The Jets might have come up with a new way to have their cake and possibly trade it, too.
Often, a team that would like to trade a player the team otherwise would release puts out word of the looming termination, while waiting for the phone to ring. For the Jets and receiver Corey Davis, Wednesday's clunky developments feel like an effort to nudge Davis away from the active roster, while waiting for a trade offer.
Davis said he’s stepping away from football. The jets pounced, announcing his retirement and placing him on the reserve/retired list. It allows the Jets to release him without releasing him, hanging onto his rights while not having him on the roster and also anticipating the possibility of another team wanting to make a deal for the fifth overall pick in the 2017 draft (yes, the Titans took him instead of Patrick Mahomes).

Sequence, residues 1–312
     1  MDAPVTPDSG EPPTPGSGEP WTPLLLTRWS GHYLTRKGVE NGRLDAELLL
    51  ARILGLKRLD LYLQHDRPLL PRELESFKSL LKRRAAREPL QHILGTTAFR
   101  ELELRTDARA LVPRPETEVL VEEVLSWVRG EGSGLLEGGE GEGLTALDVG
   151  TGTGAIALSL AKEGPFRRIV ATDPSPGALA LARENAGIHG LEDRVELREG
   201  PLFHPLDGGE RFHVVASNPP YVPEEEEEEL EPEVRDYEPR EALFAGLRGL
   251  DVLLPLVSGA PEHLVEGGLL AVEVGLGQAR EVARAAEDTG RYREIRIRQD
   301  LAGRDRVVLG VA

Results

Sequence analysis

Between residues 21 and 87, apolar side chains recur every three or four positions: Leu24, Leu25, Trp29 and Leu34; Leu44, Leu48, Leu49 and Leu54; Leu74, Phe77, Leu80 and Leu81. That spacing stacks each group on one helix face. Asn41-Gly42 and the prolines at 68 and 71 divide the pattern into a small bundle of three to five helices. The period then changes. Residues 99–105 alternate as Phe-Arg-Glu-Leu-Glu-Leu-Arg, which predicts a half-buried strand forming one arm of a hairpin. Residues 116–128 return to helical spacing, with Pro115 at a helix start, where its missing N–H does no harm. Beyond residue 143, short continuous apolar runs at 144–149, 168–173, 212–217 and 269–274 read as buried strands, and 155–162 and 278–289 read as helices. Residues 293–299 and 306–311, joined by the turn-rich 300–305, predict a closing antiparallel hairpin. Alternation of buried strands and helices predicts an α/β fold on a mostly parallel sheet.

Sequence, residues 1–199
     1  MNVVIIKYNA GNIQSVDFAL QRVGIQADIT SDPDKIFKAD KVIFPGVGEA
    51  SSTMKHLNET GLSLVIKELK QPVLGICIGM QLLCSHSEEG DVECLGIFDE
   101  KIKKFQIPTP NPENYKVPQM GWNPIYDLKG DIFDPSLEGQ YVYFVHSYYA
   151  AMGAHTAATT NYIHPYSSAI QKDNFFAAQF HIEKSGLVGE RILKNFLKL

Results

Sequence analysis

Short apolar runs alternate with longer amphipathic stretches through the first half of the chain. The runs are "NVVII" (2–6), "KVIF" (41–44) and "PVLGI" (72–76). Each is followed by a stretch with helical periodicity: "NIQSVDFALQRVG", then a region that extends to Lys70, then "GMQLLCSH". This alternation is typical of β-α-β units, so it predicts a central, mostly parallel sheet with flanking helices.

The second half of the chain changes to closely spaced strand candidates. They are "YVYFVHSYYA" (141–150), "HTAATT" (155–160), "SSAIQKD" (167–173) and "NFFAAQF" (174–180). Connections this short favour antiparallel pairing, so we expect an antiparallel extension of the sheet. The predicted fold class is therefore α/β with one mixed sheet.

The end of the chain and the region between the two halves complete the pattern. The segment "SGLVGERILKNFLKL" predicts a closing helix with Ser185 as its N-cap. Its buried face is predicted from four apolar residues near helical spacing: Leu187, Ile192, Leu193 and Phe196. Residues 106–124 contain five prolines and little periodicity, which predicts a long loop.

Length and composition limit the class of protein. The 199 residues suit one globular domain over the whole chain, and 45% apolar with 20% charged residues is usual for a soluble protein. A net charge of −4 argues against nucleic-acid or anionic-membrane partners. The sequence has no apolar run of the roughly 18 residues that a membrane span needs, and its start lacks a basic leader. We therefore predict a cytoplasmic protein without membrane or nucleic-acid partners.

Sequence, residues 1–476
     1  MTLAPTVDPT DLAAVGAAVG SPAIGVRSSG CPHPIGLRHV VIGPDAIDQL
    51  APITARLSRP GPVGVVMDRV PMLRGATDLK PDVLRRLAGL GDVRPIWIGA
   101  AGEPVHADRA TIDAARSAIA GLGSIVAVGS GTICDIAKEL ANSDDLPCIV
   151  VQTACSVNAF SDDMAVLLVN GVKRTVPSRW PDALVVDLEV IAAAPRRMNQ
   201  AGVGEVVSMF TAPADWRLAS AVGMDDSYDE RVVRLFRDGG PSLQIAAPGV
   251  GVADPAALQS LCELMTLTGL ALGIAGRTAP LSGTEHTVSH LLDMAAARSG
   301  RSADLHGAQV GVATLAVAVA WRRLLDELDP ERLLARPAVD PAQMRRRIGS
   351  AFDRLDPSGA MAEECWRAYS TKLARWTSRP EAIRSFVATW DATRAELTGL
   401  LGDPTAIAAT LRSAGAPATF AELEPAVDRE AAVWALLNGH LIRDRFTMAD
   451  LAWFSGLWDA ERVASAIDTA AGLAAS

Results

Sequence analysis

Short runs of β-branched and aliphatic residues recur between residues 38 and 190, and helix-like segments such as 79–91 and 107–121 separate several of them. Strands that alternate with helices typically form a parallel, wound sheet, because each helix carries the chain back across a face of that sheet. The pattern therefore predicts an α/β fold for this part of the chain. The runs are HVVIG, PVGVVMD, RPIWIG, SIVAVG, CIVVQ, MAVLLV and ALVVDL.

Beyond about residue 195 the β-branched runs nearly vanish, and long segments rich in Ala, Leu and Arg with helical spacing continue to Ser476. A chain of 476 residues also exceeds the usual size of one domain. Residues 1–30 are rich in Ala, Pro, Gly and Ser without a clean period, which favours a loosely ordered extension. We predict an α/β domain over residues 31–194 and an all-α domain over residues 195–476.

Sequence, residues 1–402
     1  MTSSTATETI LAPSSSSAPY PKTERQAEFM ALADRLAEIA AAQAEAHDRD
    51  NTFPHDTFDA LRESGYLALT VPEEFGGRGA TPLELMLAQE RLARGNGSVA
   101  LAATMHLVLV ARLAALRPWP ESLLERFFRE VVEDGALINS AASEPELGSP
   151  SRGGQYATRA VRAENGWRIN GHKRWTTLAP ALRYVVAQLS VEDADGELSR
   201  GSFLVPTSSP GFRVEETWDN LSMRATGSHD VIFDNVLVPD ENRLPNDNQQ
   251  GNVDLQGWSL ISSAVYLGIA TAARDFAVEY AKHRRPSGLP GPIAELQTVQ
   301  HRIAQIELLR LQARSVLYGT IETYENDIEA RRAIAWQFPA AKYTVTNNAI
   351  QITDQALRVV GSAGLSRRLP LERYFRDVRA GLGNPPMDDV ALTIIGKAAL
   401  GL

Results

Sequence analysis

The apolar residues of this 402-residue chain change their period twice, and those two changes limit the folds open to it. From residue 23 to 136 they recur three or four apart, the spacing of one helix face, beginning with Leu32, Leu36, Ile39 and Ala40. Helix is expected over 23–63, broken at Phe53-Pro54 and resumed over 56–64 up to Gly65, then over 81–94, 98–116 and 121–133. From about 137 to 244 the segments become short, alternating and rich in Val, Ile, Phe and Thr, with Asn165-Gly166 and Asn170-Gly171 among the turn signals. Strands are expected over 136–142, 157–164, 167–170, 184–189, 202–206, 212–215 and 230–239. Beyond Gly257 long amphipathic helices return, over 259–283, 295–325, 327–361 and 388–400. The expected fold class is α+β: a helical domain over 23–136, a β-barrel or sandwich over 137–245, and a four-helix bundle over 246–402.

If Davis is truly retiring, he'd potentially owe the Jets $667,000 in paid but unearned signing-bonus money. Either way, the Jets avoid $10.5 million in base salary — and create that much in cap space.
Davis could have insisted on being released, if that's what the Jets planned to do. This approach at least keeps alive the possibility, slim as it might be, that someone will take on his salary for 2023, in lieu of Davis becoming a free agent and looking for whatever he can get.
Regardless. Davis surely wasn't walking away from a sure-thing, eight-figure salary. He likely had reason to believe the Jets were going to cut him loose. They still might release him from the reserve-retired list.
For now, if another team wants Davis, all they have to do is give the Jets a call.